Mallory’s muscles quaked a little as she held the bowstring taut. It was her father’s old hunting bow, and she had used it for strength training to increase the power in her shot for competitions. She knew she could hold the weight, but that didn’t change how difficult it was holding back all 60 pounds of the drawback.
They called her deadeye because she was a good shot, but they also called Mallory that because of her signature through-the-eye shot when she was buck hunting. She always argued that, while gruesome, the animals felt no pain since they were killed instantly; moreover, being able to hit a deer’s eye was harder than a bullseye, so it was good practice.
“Do it,” Mallory’s best friend Shannon bellowed, sitting on the bale of hay to Mallory’s right.
“You’re breaking my concentration,” Mallory said, closing one eye but keeping the bowstring taut.
“No, don’t!” Dan screamed, his voice muffled by the distance. “I’m sorry, I promise I won’t step out again!”
“That’s what you said the last four times,” Shannon shouted back, picking up a pitchfork that was stabbed into the ground. She chucked it toward Dan, but it barely made it a few feet before being impaled in the soft earth again.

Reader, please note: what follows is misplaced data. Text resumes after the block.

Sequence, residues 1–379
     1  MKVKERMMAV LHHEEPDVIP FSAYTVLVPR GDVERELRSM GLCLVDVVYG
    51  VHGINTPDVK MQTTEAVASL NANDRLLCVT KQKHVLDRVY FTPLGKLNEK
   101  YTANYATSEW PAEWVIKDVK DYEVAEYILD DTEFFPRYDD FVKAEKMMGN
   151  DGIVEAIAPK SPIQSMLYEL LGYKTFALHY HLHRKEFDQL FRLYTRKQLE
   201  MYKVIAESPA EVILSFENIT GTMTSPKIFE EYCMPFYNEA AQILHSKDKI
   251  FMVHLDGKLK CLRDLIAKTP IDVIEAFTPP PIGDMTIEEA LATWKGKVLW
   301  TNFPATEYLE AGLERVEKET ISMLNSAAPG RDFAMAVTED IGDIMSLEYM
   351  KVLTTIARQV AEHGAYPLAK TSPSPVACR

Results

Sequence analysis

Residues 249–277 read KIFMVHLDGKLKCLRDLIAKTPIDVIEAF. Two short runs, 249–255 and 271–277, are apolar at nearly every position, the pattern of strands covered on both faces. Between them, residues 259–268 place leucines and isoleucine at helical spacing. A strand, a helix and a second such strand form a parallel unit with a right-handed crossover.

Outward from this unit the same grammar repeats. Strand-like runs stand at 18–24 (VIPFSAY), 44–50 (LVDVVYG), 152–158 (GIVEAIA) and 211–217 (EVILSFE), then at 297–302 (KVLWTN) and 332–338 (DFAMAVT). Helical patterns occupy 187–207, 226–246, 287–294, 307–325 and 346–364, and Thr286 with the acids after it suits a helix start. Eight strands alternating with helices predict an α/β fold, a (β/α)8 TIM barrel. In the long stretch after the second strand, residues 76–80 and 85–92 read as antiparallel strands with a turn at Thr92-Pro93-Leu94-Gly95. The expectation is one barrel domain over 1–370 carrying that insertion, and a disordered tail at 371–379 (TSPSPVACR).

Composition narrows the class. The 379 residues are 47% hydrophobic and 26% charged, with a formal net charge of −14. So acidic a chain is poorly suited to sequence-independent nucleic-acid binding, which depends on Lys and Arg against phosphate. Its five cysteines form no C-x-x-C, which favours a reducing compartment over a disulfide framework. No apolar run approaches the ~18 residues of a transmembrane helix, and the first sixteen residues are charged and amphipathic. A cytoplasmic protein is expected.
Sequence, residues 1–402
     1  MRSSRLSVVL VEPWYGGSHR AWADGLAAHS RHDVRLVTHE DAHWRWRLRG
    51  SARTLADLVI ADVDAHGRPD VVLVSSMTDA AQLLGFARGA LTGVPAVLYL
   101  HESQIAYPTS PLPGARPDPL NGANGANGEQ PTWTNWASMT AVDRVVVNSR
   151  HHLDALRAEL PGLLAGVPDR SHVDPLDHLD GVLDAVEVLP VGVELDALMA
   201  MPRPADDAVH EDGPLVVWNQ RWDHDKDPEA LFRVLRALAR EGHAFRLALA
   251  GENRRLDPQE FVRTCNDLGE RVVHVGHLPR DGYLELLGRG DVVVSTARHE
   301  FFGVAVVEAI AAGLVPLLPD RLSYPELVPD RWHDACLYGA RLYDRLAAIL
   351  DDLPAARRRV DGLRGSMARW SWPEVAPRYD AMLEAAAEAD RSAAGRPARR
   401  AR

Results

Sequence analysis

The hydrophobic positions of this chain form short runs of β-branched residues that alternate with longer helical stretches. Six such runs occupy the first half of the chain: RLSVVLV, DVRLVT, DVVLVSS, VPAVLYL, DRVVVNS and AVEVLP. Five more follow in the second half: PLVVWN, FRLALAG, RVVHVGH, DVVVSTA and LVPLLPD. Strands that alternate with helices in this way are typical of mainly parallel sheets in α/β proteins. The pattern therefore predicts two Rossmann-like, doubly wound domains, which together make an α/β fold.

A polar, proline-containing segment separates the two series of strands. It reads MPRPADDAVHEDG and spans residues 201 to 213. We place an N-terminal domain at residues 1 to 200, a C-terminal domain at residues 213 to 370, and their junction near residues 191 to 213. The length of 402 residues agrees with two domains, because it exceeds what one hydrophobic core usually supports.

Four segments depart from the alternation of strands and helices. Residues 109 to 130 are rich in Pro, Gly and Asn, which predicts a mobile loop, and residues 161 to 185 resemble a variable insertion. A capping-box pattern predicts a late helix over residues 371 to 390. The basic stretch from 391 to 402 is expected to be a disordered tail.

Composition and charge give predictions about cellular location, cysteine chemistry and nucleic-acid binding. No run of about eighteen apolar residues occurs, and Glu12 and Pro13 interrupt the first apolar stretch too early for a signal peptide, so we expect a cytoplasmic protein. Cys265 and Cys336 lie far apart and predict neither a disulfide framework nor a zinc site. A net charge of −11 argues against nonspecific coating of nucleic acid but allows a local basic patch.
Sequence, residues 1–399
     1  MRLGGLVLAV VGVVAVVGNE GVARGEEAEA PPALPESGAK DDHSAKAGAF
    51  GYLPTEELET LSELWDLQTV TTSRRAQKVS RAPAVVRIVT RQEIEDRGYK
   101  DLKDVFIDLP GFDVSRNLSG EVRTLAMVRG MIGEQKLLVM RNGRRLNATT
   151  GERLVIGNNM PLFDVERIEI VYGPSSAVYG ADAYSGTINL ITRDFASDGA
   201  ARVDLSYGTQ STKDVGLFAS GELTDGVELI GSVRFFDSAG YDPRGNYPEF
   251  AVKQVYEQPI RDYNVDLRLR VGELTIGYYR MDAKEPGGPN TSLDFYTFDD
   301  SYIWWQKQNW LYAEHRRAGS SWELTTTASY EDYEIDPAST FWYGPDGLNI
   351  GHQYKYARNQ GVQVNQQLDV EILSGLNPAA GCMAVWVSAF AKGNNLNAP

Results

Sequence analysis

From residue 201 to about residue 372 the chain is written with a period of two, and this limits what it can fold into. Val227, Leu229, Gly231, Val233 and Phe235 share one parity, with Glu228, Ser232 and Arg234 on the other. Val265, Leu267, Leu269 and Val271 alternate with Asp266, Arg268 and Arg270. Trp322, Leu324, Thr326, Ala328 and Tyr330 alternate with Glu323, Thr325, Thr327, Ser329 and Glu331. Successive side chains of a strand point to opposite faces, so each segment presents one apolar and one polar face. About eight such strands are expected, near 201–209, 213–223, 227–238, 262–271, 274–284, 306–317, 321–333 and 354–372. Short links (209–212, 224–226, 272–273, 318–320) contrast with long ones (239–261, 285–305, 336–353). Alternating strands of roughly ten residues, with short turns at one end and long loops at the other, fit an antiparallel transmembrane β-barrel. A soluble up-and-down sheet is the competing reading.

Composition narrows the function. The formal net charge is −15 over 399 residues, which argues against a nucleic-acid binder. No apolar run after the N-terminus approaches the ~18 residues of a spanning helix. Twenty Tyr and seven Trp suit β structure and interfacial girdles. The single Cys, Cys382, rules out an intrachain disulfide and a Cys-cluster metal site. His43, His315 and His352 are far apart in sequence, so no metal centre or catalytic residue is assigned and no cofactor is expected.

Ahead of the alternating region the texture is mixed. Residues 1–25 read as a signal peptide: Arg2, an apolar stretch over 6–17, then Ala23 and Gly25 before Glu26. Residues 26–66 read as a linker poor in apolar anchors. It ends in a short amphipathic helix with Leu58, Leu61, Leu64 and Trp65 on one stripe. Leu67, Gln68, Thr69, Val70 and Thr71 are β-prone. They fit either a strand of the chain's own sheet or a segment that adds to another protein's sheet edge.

“Would you both zip it!” Mallory said, her muscles aching with each passing second.
Mallory thought of the woman she had caught her husband with this time. She was pretty enough, and some might even say she was pretty enough to die for, and that made Mallory even more upset. She was good looking enough as well, but why that was less than enough for her husband was beyond her.
They’d barely made it five months before she came home from competition to her husband’s arrow in the single neighbor’s bullseye.
“Somebody help me!” Dan screamed, again and again, snot bubbles inflating every few seconds in his nose.
“No one can hear you,” Shannon yelled back. “Even if Rick were at home this week, all the hay in here would muffle the sound.” Mallory glanced at Shannon. “But Rick’s not home this week, so no sweat.”
“Sounds like a good plan,” Mallory replied.
“Great. I think I have still had my divorce lawyer’s number. He’s good.” Shannon held open her arms to their surroundings. “Got me the farm and I couldn’t be happier.”
But Shannon remained quiet as they closed the distance to the house before heading inside to get their ice cream.